Gazza and the Injury That Stole a Piece of His Magic ­­­— 30 Years On

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Young playmakers don’t come to prominence in this country without being compared, at least fleetingly, to the most enigmatic of England’s true footballing immortals. The longer we wait for an Englishman to emerge and to eventually eclipse the Italia 90 superstar, the more Gazza’s legend grows. Today’s England offer a few who genuinely do threaten to reach such levels: Jack Grealish, Phil Foden and Mason Mount. But no one yet has offered enough joy on the pitch and enough of a chuckle off it to truly challenge. Indeed, not even Paul Gascoigne. 30 years ago today, he suffered a cruciate ligament injury that changed the course of history.

Choked by crippling debt, Tottenham Hotspur ended the 1991 league season in 10th place, behind Wimbledon, just ahead of QPR. Paul Gascoigne’s goals had helped them enjoy a successful season in the cup competitions though. He ended the season as top scorer in both the FA and League Cups. The League Cup wasn’t to be, after quarter-final defeat to Chelsea, but an FA Cup final awaited ­— Spurs versus Nottingham Forest.

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Forest had a better record in the league and boasted the likes of Roy Keane and Stuart Pearce. In what he knew was likely to be his last match for Tottenham amid interest from Lazio in Italy, Gascoigne let the occasion get the better of him. To this day, his performance in the 1991 FA Cup final remains one of his biggest disappointments. All 17 minutes of it.

So hungry for silverware and so untameable in his ardour, the midfield ace immediately planted his studs with vigour right onto Garry Parker’s midriff. Lucky not to be off straight away, he then appeared from thin air to scythe down Gary Charles with all the courtesy of an industrial chainsaw.

But if the overexuberance was Gazza in a nutshell, his rolling around on the floor rather than protesting his innocence was decidedly not. He stayed on long enough to watch his England teammate Pearce place the resulting free-kick into the stanchion to hand Forest the lead. But immediately after, Gazza was stretchered off. The injurer had come off worst. Only later would the full severity of this injury emerge — both in the immediate sense and in terms of its impact on his overall career.

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Did it end up being his final game for Tottenham? Yes, but not because Lazio snapped him up immediately. Rather, because he missed the entirety of the following campaign with injury, only to transfer to Rome when back to full fitness. Spurs lost their best player for a year, and so did England for what would end up being an ill-fated trip to Sweden for the Euro 92 finals.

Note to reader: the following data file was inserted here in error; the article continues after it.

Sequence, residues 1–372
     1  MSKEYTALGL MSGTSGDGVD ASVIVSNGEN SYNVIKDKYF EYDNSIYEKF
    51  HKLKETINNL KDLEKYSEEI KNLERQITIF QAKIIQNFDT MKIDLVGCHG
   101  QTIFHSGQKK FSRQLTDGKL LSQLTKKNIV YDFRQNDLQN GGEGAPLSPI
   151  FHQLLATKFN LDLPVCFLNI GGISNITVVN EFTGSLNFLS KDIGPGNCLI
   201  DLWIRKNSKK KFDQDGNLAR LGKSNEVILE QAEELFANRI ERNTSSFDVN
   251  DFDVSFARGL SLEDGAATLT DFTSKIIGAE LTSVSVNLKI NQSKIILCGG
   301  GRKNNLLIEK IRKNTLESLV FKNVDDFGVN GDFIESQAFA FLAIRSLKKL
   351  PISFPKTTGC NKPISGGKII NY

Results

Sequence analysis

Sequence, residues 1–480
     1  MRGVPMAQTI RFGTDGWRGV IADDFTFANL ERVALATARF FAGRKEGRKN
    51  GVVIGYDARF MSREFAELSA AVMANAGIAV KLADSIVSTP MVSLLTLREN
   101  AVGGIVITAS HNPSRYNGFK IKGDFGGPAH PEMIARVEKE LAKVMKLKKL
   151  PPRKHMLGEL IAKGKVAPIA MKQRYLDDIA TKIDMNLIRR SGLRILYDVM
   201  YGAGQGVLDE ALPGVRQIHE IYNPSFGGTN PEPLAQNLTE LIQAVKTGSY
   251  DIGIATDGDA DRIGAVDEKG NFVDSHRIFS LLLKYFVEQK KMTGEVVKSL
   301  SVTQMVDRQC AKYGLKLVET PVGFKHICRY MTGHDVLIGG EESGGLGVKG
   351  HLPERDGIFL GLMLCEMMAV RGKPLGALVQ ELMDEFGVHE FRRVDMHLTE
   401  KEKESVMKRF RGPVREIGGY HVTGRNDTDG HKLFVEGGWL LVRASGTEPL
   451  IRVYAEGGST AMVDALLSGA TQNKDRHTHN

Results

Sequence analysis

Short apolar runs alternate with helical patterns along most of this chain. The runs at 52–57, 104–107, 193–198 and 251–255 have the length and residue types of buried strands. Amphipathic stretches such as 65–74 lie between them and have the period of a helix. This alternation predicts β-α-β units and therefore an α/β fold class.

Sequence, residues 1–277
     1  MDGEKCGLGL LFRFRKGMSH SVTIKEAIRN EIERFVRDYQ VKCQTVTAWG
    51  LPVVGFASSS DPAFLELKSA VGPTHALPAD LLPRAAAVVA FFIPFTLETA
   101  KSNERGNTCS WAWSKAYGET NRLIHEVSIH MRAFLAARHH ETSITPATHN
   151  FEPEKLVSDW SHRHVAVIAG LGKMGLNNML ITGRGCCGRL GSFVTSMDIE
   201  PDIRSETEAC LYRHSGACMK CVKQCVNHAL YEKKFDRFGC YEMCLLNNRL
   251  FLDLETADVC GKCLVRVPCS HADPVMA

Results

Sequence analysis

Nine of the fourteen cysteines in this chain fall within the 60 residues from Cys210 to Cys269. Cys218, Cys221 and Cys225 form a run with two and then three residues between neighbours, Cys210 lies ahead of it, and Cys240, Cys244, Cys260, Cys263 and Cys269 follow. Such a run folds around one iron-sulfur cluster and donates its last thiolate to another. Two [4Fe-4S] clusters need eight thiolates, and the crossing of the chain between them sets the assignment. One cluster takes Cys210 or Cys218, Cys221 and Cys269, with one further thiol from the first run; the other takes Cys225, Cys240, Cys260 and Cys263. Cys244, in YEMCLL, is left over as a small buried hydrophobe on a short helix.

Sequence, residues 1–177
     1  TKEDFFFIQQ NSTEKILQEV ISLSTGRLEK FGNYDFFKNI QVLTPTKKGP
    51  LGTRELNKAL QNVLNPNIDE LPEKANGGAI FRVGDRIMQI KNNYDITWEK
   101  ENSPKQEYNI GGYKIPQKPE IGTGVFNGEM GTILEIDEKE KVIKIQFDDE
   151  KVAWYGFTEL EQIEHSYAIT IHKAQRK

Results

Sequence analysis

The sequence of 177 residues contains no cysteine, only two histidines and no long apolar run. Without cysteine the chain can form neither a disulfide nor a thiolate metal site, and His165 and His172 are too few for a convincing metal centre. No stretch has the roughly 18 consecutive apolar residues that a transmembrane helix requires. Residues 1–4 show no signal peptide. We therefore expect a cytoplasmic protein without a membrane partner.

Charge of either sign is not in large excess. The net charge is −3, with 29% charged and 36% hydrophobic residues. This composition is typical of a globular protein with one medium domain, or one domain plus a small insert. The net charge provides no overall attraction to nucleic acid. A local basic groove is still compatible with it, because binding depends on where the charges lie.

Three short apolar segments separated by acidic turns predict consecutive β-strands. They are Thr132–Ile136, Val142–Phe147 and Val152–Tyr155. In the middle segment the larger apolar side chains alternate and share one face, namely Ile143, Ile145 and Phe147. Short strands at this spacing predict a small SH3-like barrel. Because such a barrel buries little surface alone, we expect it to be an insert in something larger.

Off to Lazio he went, belatedly, and there were flickers of stardom during his time there. There was then to be an extremely successful stay north of the border, when following his European trip he spent three trophy-laden seasons starring in Scottish football for Rangers. The defining moment of his England career was yet to come, too. Time really did seem to stand still as the blond Gazza of Euro 96 looped the ball over the even blonder Colin Hendry and then volleyed cleanly into the net for a stunning Wembley goal against England’s oldest nemesis. The dentist chair doesn’t even require mention such is its fame and its legacy.

But for all these sparks of olde, these split-seconds of raw genius, the world was now absent of the Paul Gascoigne who had made the FA Youth Cup a joy to watch in the mid-‘80s, and who had brought a tear to the eyes of a whole nation during the heady summer of 1990 almost by the sheer power of telepathy.

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Well over a decade of Gascoigne’s career lay ahead of him when he finally recovered from his horror injury in the 1991 FA Cup final. And it was a successful career which included trophies, travels, and over 50 England caps. But there will always be those who hark back to his metronomic control and creative panache at Italia 90 in a way which half-implies his was a career of unfulfilled talent. To say such a thing is not slander, but a compliment if anything to his boundless ability.

Before he’d even left the field on that bittersweet cup final win in 1991, his England teammate Stuart Pearce had broken the deadlock from the free-kick Gazza had conceded in the first place. Years later, Pearce still remembered his mate’s injury just as much as his own stunning set-piece goal. “That wild tackle had a massive effect on his career,” Pearce said. “He was never quite the same player afterwards.”

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